in eastern Europe and produced by Nu Image, an company run by Israelis
making direct-to-video movies.
Golan also gave auteur theory a kick in the pants by writing and directing
Versace Murder, starring Franco Nero as the late fashion designer and
Steven Bauer as the FBI agent trying to track down Andrew Cunanan.
Versace Murder generated a significant amount of press during filming
due to its subject matter, but barely got a release in any English-speaking
territory upon its completion due to its inaccuracy and general shoddiness.
It is currently available to hardcore Golan fans as an import VCD from
Golan showed up with yet another production company in late 1999, and
the familiar pattern of overhyped, non-released product has followed him.
Film World Inc. made waves at Cannes in May 2000 with the announcement
of Elian: The Gonzales-boy Story [sic]. Not only was Elianís last
name misspelled on the announcement, the poster featured a recreation of
the famous Ďhouse raidí photo -- this time, the FBI agentís rifle is pointed
directly at Elianís head.
Golan claimed the movie was filming "in a secret location," and that
it would be "ready for delivery in September," but the film has yet to
appear. Golan also announced at Cannes that he had signed actress Sean
Young to a three-picture deal, starting with a drama called The Wooden
Dish, to co-star Martin Landau.
Film Worldís slate also included Crime and Punishment, Golanís
adaptation of the Dostoyevsky novel shot for 21st Century Films in the
mid-nineties starring Crispin Glover and John Hurt, Kumite, a "marshal-art
[sic]" film starring Olivier Gruner, and Death Game, a thriller
to star Michael Dudikoff. (Dudikoff was the star of Cannonís American
Ninja series launched in 1985.)
In December 2000, Film World Inc. underwent a corporate "re-organization"
which resulted in it getting out of the film business. It became SulphCo,
a company devoted to producing environmentally friendly petrochemical products.
Investors were apparently not convinced of the potential of the film division.
Without missing a beat, Golanís film company became New Cannon Incorporated,
with a shiny new version of the Cannon logo and the same old production
slate. Golanís partner in this company is young Israeli filmmaker Evgeny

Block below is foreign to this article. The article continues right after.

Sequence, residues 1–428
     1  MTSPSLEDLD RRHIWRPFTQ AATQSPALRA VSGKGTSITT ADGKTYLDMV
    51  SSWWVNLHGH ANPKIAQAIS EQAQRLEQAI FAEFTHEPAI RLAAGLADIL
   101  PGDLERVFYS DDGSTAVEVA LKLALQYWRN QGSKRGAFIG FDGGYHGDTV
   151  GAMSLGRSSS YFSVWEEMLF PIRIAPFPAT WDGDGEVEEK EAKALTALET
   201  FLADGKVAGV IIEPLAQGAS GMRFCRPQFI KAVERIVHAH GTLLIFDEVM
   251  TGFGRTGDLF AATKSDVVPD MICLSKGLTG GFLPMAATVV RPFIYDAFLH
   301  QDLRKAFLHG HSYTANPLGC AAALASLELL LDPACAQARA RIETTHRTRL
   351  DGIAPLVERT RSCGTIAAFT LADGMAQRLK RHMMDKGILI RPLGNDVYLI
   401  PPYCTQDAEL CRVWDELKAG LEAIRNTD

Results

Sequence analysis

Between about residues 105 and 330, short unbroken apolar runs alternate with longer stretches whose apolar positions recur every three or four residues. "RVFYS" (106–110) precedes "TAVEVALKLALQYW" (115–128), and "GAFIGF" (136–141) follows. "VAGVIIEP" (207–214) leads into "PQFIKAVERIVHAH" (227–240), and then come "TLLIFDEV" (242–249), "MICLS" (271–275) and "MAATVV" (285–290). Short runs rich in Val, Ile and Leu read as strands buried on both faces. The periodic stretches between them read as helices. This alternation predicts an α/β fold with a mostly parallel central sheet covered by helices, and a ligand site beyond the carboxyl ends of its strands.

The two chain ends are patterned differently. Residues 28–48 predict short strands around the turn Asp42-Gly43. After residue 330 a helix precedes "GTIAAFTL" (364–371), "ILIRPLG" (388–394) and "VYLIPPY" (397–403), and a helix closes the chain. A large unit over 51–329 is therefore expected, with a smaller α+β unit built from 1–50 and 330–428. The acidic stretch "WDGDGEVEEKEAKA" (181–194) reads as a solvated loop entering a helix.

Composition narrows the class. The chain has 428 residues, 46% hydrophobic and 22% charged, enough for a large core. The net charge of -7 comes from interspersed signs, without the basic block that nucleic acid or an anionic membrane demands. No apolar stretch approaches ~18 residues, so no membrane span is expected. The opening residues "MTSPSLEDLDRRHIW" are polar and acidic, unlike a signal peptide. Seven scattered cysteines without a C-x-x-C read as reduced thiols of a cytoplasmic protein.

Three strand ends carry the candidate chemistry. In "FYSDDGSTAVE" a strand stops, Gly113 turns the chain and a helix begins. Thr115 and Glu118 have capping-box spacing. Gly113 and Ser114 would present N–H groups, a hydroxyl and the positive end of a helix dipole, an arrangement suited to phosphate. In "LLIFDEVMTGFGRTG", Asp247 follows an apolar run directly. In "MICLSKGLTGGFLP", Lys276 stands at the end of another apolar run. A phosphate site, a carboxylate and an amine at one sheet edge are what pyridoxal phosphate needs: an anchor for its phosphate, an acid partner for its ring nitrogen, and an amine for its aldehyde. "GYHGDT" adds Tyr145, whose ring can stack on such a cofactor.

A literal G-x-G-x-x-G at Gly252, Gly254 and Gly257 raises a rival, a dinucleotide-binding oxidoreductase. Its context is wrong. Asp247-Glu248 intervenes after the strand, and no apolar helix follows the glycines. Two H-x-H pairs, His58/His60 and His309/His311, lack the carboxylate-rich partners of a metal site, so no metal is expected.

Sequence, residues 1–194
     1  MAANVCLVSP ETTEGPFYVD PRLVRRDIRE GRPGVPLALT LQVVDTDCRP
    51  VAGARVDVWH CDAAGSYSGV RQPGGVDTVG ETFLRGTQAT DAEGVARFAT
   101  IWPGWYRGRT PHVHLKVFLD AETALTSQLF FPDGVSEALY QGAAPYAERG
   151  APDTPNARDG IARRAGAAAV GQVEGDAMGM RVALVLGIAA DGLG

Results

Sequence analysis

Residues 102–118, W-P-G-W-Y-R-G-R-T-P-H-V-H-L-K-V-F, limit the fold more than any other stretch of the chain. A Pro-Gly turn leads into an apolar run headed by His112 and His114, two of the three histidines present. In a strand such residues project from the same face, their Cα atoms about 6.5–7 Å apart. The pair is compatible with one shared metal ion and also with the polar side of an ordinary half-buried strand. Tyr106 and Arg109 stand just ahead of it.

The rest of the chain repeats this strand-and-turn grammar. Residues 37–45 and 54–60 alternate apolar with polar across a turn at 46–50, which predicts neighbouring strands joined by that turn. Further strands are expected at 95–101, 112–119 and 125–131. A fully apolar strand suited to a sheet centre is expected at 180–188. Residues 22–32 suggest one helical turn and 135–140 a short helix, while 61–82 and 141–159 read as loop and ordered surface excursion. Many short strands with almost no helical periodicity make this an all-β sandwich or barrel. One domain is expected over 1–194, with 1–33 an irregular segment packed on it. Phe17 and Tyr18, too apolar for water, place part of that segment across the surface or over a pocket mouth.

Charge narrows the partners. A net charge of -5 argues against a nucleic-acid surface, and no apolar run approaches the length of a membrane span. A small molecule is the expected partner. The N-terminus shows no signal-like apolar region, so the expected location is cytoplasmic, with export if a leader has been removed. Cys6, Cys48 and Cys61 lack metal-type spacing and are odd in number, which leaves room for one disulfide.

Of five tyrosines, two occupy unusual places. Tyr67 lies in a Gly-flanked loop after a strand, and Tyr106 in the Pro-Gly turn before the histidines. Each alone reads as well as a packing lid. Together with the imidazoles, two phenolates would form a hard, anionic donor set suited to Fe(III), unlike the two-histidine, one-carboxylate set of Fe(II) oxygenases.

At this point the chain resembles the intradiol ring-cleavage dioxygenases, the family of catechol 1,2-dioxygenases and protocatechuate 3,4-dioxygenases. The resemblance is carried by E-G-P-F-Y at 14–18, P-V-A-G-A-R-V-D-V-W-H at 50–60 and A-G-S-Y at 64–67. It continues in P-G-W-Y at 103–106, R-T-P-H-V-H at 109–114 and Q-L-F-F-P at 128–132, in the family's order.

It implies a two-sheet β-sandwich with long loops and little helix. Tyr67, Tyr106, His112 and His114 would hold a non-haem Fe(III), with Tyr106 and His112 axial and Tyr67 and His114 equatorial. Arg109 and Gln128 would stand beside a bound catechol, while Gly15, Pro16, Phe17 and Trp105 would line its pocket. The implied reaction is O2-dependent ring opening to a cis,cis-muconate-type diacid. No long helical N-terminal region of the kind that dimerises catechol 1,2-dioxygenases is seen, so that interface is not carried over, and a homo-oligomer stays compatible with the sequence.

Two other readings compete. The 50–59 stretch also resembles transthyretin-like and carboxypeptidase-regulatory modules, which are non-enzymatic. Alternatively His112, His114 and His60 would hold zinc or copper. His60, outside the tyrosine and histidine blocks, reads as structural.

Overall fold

At the beginning of May 2001, Afineevsky talked to me about one of New Cannon's
"It is basically the same concept as Death Wish, which Menahem
produced [sic] with Charlie Bronson," Afineevsky said from New Cannonís
L.A. office. "It is with much smaller names, but good actors like Joe Lara,
who played Tarzan on TV, Billy Drago and Richard Lynch, all of whom Menahem
has been working with many times before." Menahem actually didn't produce
Wish, only its sequels, and Dudikoff is no longer in the cast.
Of Kumite, Afineevsky says, "It is the same concept as Bloodsport,
the first movie Menahem made with Jean-Claude Van Damme."
Reflecting on the legacy of the Cannon name, Afineevsky said, "We are
doing a remodeling and reconstruction of the old [Cannon] stuff, with new
beautiful stories of our time. Menahem wants to use the same concepts of
low-budget movies with great stories and slowly rebuild Cannon to make
it New Cannon."
Globus has formed another production company as well; itís called Frontline
Entertainment, and it has an ambitious slate that sounds some classic Cannon
themes. Treasures of the Red Sea, to be directed by Dan Wolman,
has a synopsis which reads, "When a young boy discovers the ancient crown
belonging to the Queen of Sheba, then loses it, he's in for the adventure
of a lifetime." Other films include the Hebrew-language Time of Favor
(Hahesder), which is about an Israeli army officer falsely accused
of planting a bomb in a mosque, and M.I.A.: Rescue At All Costs,
in which a Gulf War veteran returns to the Middle East to rescue a kidnapped
friend in a high stakes ransom deal.
Globus has also produced Lemon Popsicle: The Party Goes On, the
eighth sequel to 1979ís Lemon Popsicle, which promises to show "how
things really were growing up in the sixties." In true Cannon fashion,
Party Goes On is currently the subject of a lawsuit in Israel from
original Lemon Popsicle director Boaz Davidson, who claims to own
the rights to the series.
Globusí movies are being released primarily to a chain of theaters he
owns in Israel; Afineevsky promises that one of New Cannonís titles, most
likely Death Game, will play in theaters internationally this fall. Of
New Cannonís dometic theatrical chances, Afineevsky said, "If we make a
good movie, you never know. Menahem is talking to people; I am talking
to people. He has done it before, and you never know what can happen."
The only lesson to glean from the hundreds of movies Golan
and Globus have made --most now forgotten and unavailable -- is that
these two producers remain undaunted by short shooting schedules, weak
production values and shoddy scripts. In fact, Golan and Globus have
become like B-movie superheroes themselves; as long as funding exists
for bad exploitation films to be made in the world, they will not rest.
UPDATE: New Cannon Inc. has become New Generation Films.